The First Hundred Days: Solving Two Crises with One Policy Step
In the current situation, it is both unrealistic and undesirable to raise public expenditures outside of the most pressing military spending
The new government of Ukraine formed after the elections faces two looming crises: most immediate is the risk of a financial crisis, and in the medium term continued lower even negative economic growth. These increase the existential threat Ukraine faces due the Russian occupation in Crimea and its efforts to destabilize the Donbas. It goes without saying that bringing an end to the military conflict must remain a priority of the new government, but that will not suffice to resolve these two economic problems.
True, the military incursion and interference is a key cause of the economic threats, but a reverse causation exists as well: economic weakness and uncertainty has left Ukraine vulnerable to these military actions by Russia. This inter-related set of problems appears to present an extremely complex, hard to resolve situation. This article will suggest that the two economic crises can be addressed very quickly by one policy step – a radical but doable action; a substantial cut in budget expenditures and reduction in government involvement in the economy. Below, we elaborate in turn on the financial crisis, the poor growth performance, and finally describe how a large cutback in budget expenditure simultaneously attacks both problems.
Ukraine’s fiscal deficit has become explosive due to the uncertainties created by the external aggression and the resulting weak economic performance. For 2014, the latest IMF Report assesses the actual size of the deficit at about 5,8 percent of GDP (the other experts tend to larger figures). However, the deficit might even become larger, perhaps approaching 10 percent of GDP if off-budget items are included, as the IMF estimates the financial deficit of Naftohaz alone this year at 4.3 percent of GDP. Such a deficit magnitude cannot possibly be closed by raising already falling tax revenues. Neither can it be closed by non-inflationary financing given the sharp increase in the risk-premium for sovereign debt: further international borrowing is effectively impossible with current short-term interest rates approaching 20%, putting Ukraine into the same category as the top-risk country, Venezuela. As it is, the debt-to-GDP ratio which started the year at a low 40 percent of GDP, would by 2015 reach at least 70 percent of GDP according to the current best-case IMF projection. But that scenario is no longer viable. Given the current existential threats to Ukraine it is surely more prudent to assume the more pessimistic scenarios of the IMF Report, with the Debt-GDP ratio approaching 100% and possibly exceeding 100% in the worst case “shock scenario” of continued conflict and instability. Historically, in cases of such high, unfinancable budget deficits and rising indebtedness, a vicious cycle of deterioration always shows its ugly face: forced domestic financing supported by National Bank monetary expansion, inflation, further depreciation of the exchange rate, lower GDP growth, less government revenue, higher budget deficits… and so on.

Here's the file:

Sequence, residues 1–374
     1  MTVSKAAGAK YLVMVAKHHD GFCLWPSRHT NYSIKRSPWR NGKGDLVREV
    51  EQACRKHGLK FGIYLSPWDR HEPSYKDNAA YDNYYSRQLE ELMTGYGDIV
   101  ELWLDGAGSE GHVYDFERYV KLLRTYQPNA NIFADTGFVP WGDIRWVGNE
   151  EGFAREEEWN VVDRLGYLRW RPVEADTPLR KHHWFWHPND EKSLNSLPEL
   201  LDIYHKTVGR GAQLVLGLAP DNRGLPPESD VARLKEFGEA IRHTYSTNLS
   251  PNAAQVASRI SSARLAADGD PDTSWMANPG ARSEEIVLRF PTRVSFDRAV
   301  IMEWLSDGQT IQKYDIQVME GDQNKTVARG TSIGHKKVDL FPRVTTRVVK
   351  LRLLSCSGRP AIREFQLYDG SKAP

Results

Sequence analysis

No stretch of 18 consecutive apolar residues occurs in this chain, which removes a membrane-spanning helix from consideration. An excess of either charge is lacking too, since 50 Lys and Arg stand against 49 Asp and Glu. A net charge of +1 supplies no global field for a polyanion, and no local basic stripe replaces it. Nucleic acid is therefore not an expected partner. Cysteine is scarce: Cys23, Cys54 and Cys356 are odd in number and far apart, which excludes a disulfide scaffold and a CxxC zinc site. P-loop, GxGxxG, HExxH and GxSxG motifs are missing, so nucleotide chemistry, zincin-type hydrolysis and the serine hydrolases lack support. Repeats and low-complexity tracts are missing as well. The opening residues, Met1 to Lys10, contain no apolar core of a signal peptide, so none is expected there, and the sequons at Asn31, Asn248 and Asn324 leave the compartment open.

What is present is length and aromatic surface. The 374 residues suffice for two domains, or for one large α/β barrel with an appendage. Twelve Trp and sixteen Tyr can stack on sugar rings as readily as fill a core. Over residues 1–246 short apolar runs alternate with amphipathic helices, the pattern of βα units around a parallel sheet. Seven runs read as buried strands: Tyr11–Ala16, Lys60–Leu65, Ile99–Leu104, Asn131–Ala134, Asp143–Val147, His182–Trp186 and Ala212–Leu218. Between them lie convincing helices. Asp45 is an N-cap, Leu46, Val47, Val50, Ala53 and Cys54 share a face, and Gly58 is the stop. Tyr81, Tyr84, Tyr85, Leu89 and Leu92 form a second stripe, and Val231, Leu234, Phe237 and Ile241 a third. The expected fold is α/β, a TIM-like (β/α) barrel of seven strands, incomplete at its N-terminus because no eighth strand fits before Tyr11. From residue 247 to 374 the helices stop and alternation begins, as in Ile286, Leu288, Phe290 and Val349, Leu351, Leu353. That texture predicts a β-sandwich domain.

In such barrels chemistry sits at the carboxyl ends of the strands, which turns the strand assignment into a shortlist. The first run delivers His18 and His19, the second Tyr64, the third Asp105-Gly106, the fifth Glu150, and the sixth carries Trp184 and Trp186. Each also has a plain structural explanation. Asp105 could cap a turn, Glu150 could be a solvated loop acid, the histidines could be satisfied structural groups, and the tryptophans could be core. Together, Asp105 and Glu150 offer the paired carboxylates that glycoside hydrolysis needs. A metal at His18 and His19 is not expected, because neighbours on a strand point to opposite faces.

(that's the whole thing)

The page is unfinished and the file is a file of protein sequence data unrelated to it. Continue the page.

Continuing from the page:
Does this sound familiar? Of course – it would be repeat of the first years of independence – surely that lesson has been learned, no? Well it may not have been. There are already early-warning signs of falling into such a vicious cycle: the Hryvnia has depreciated almost twice, inflation is well over the original 9% target, soon approaching 20%, and one institution after another – IMF, Ministry of Economy, NBU, World Bank – put its growth projections on -6-8%.
The new government is left with only one viable option to avoid this financial crisis; cut sharply its budget expenditures. Any return to the populist arguments of the nineties concerning the need to sustain social well-being will only lead to the vicious cycle and the cuts will inevitably occur as they did then, in the worst possible way…revenues will simply not be enough to pay for empty political promises to the people. Does anyone today still believe that such policies reduced social pain in the nineties? It is surely clear they made it even greater, and it is also clear that countries like Poland, Baltics, others in Central Europe, in the end suffered far less social pain that did Ukrainians, precisely because they took the radical steps of cutting their government budgets and moving on economic liberalization early on.
Consider now the growth crisis. While the recent deterioration of growth is due to the military conflict, the poor long-term economic performance which has left Ukraine at an income level one-third that of Poland and other Central European countries which were Ukraine’s equals at independence, is explained by the great lags in economic reforms and hugely excessive government involvement in the economy. With its current budget and off-budget expenditure share of GDP of 53 percent of GDP, Ukraine stands out among comparable countries as having an extremely high government share in the economy. While several countries in rich Western Europe have similar shares they have a far higher level of economic development. The most comparable countries are Central Europe and the Baltic countries that have public expenditures varying about 35 percent of GDP. They also have experienced the highest economic growth in Europe, and despite the lower budget shares the population enjoys far better social benefits than do Ukrainians.